The only good that has come out of the coronavirus is that it has woken up the world, especially India, to the threat that China poses.

China’s recent statement that it is “firmly opposed” to the Quad comprising India, the US, Australia and Japan underlines the dragon’s fear of the informal grouping. Moreover, it confirms the efficacy of the coming together of America and the major democracies of the Indo-Pacific. The very fact that Beijing is ranting against the Quad suggests that it is succeeding where other multilateral agencies failed.

Senior Colonel Ren Guoqiang, representing China’s Ministry of National Defence, said at an online media briefing, “Seeking peace, development and win-win cooperation is the trend of the times. Any practice that goes against the trend of the times and satisfies one’s own selfish interests is out of place, unpopular and doomed to fail.” Does Colonel Ren have his own country in mind?

Peace, development, cooperation, etc., are the ideas aggressive nations talk incessantly while planning and executing rapacious plots; it happened when Germany was gobbling up land in Europe in the previous century, beguiling the likes of Neville Chamberlain; it is happening now when Xi Jinping’s China is doing the same. As a bonus, China also spread the coronavirus all over the world, which killed millions, crippled the global economy, and severely affected billions of people, especially the poor.

Yet, Beijing indulges in grandiloquence. As Ren said without a touch of irony, “China is committed to building world peace, contributing to global development and upholding the international order.” Seldom was mendacity so sanctimonious.

While lecturing “the US to shoulder its responsibilities, refrain from making troubles out of nothing, and do more to contribute to regional peace and stability”, he also berated “the US side’s stubbornness to maintain hegemony, pursuit of the law of the jungle, and dangerous misjudgement of China.”

From India’s perspective, the Quad is an extremely important development, for it is the beginning of a mature foreign policy. So far, a toxic blend of good intentions, romantic fantasies, and anti-Americanism passed off as foreign policy. It was called the non-aligned movement (NAM); in conjunction with socialism, it has done more harm to India than anything else.

Logically, NAM should have died soon after the fall of the Soviet Union, but in our country, logic seldom finds expression. Even in the post-Soviet era, America remained, being the engine of capitalism, an imperial or neo-imperial power. The Left hated it; still does. But even parts of the Right do that, for reasons that are ideological, cultural, and social. And this, despite the fact that the Sangh Parivar derives its power and resources from not just middle India but also from the vast diaspora, much of it in America. This explains New Delhi’s flirtations with nebulous groupings like BRICS and with idiocies like Non-alignment 2.0. It needs to be mentioned here that Nonalignment 2.0 also enjoyed the blessings of Sonia Gandhi and Manmohan Singh. Released in New Delhi in February 2012, it intended to generate a new version of nonalignment in the 21st century.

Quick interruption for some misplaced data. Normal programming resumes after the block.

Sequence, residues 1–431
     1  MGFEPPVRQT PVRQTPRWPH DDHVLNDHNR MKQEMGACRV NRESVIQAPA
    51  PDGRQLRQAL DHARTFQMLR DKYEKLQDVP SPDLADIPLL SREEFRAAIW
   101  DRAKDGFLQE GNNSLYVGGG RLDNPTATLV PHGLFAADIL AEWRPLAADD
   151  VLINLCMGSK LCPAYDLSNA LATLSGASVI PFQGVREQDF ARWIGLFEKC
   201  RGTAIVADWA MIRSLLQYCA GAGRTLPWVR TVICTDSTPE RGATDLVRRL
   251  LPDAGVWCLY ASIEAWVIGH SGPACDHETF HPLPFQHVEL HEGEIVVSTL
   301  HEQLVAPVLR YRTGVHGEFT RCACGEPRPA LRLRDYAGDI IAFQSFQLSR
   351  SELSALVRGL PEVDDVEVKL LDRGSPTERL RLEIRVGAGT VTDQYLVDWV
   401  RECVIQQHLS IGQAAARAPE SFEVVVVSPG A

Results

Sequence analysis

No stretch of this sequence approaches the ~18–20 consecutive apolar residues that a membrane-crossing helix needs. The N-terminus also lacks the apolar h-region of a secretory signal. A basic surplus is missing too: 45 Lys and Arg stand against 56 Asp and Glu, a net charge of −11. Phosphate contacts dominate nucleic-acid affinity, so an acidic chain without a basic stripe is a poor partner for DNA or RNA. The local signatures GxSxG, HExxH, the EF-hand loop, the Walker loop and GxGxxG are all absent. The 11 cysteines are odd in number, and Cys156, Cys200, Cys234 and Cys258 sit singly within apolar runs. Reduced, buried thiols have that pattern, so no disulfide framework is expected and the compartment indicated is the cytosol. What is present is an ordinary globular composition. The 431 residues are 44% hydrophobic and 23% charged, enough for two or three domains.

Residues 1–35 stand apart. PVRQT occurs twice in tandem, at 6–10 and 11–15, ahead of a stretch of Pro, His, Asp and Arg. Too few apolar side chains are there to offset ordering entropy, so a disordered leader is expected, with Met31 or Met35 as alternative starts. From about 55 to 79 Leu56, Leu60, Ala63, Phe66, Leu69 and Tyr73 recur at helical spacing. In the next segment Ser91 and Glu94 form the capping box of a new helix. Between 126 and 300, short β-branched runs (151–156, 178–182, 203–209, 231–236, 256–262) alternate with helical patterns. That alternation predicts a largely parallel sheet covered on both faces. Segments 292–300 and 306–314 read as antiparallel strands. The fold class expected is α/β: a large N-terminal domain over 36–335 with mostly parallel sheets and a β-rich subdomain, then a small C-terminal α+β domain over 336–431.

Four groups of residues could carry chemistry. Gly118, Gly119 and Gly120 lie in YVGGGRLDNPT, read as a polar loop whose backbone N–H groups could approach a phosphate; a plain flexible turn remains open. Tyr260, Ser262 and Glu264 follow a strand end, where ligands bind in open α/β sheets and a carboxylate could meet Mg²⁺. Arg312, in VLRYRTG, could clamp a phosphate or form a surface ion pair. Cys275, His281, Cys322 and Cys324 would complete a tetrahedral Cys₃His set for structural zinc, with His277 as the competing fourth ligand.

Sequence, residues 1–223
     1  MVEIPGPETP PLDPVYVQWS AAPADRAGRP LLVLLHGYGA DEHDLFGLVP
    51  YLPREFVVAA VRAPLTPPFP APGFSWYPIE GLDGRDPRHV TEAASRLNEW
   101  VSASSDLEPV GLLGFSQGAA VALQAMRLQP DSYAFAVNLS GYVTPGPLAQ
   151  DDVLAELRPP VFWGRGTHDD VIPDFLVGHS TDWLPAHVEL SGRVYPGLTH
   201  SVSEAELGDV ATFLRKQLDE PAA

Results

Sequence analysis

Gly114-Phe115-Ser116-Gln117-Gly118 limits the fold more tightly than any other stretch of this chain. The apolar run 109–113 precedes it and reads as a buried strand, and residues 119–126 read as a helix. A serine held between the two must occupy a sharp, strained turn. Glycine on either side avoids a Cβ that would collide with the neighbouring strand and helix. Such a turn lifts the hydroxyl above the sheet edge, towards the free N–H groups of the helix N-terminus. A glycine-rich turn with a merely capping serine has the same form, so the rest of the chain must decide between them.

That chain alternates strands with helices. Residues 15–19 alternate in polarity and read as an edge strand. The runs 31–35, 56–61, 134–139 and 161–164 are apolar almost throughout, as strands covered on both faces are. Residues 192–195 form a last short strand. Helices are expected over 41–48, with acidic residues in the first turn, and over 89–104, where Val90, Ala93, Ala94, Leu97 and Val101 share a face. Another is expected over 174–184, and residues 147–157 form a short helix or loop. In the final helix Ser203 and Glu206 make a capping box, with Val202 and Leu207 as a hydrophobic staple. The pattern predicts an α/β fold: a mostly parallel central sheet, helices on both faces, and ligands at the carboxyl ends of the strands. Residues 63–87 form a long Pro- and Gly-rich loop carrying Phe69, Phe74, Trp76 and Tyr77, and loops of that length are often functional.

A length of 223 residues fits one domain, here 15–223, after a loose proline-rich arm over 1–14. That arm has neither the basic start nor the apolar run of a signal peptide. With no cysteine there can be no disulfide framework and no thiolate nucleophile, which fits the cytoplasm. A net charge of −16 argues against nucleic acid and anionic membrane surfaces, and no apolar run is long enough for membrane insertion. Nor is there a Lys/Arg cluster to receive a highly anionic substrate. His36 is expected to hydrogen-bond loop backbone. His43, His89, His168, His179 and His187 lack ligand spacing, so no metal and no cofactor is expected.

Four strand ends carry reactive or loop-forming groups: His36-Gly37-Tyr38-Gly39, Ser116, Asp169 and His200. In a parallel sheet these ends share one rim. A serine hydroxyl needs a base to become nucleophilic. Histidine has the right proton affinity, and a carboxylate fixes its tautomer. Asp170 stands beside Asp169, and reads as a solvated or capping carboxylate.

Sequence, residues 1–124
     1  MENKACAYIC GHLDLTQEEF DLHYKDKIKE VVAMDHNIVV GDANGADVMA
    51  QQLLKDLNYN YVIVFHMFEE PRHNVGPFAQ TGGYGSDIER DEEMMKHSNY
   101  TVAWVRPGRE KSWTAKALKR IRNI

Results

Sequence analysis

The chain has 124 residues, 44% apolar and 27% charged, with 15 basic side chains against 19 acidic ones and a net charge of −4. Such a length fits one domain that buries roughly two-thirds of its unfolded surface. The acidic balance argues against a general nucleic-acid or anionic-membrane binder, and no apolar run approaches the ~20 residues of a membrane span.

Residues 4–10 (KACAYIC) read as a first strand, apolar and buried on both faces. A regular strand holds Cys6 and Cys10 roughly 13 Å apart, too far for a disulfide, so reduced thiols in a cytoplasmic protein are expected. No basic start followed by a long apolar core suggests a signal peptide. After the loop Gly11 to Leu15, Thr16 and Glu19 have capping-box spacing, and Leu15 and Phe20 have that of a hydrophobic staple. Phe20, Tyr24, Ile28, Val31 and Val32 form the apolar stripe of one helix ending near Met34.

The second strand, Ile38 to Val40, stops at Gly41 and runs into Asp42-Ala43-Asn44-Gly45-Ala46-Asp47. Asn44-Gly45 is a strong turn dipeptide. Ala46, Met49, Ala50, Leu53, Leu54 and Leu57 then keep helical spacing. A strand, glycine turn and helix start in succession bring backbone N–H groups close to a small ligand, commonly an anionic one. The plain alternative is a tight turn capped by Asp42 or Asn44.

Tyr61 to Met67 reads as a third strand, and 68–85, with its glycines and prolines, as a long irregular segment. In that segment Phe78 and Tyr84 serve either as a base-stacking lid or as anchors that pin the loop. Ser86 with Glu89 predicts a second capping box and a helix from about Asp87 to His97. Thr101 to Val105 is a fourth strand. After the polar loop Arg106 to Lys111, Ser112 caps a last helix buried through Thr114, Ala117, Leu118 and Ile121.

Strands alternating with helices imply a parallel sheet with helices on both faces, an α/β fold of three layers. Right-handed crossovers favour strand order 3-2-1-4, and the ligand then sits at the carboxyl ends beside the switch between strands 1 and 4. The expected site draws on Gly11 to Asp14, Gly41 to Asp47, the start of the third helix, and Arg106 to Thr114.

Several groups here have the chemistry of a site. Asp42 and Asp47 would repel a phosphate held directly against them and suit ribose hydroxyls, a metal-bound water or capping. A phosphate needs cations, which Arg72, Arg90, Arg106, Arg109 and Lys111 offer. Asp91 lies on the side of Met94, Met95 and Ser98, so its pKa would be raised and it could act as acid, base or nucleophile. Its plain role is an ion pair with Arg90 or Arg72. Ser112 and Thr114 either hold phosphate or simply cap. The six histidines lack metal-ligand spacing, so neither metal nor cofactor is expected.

Eight grandees produced a document called Nonalignment 2.0—Sunil Khilnani, Rajiv Kumar (Ficci secretary general at that time and now Vice-Chairman of the Prime Minister-headed Niti Aayog), Pratap Bhanu Mehta, Lt Gen Prakash Menon (Retd), Nandan Nilekani, Srinath Raghavan, Shyam Saran, and Siddharth Varadarajan.

At the time, I had critiqued the document, calling it “Claptrap 2.0”. I wrote that it was “a revivalist endeavour” that was intended “to bring back th[e] golden age” that “nonalignment 1.0” had supposedly ushered in. Nonalignment 2.0, I asserted, was “a hodgepodge of dangerous shibboleths, worn-out clichés, commonplace remarks, irritating pomposity, and wishful thinking”. Many of its weaknesses derived from the Sovietized worldview of Congress Party president, Sonia Gandhi, and the pinkish intellectuals surrounding her.

Such is the influence of the rhetoric that even somebody as different from Congress as the BJP has accepted non-alignment as a policy imperative, if not fait accompli. In May 2016, a journalist from Wall Street Journal had asked Prime Minister Narendra Modi, “The US is very keen on India, the rising power that India is, to be part of, if not an alliance, then at least a grouping that can stand up to some extent to China. Where do you see India taking a position on the global stage?” Modi answered, “There is no reason to change India’s non-alignment policy, that is a legacy and has been in place.”

A great deal has happened since then, the most important being Covid-19. The only good that has come out of the coronavirus is that it has woken up the world, especially India, to the threat that China poses. In fact, it has shaken up New Delhi from its dogmatic and ideological slumbers. Quad, in which India’s role is critical, could not have happened without the shake-up.

Now that the Quad’s efficacy has been established, it is time to formalize it. Further, it needs to be expanded and widened—more democracies should join it and they widen the scope of cooperation. The goal should the replacement of an ineffectual United Nations with a coalition of democracies.

Ravi Shanker Kapoor is a freelance journalist.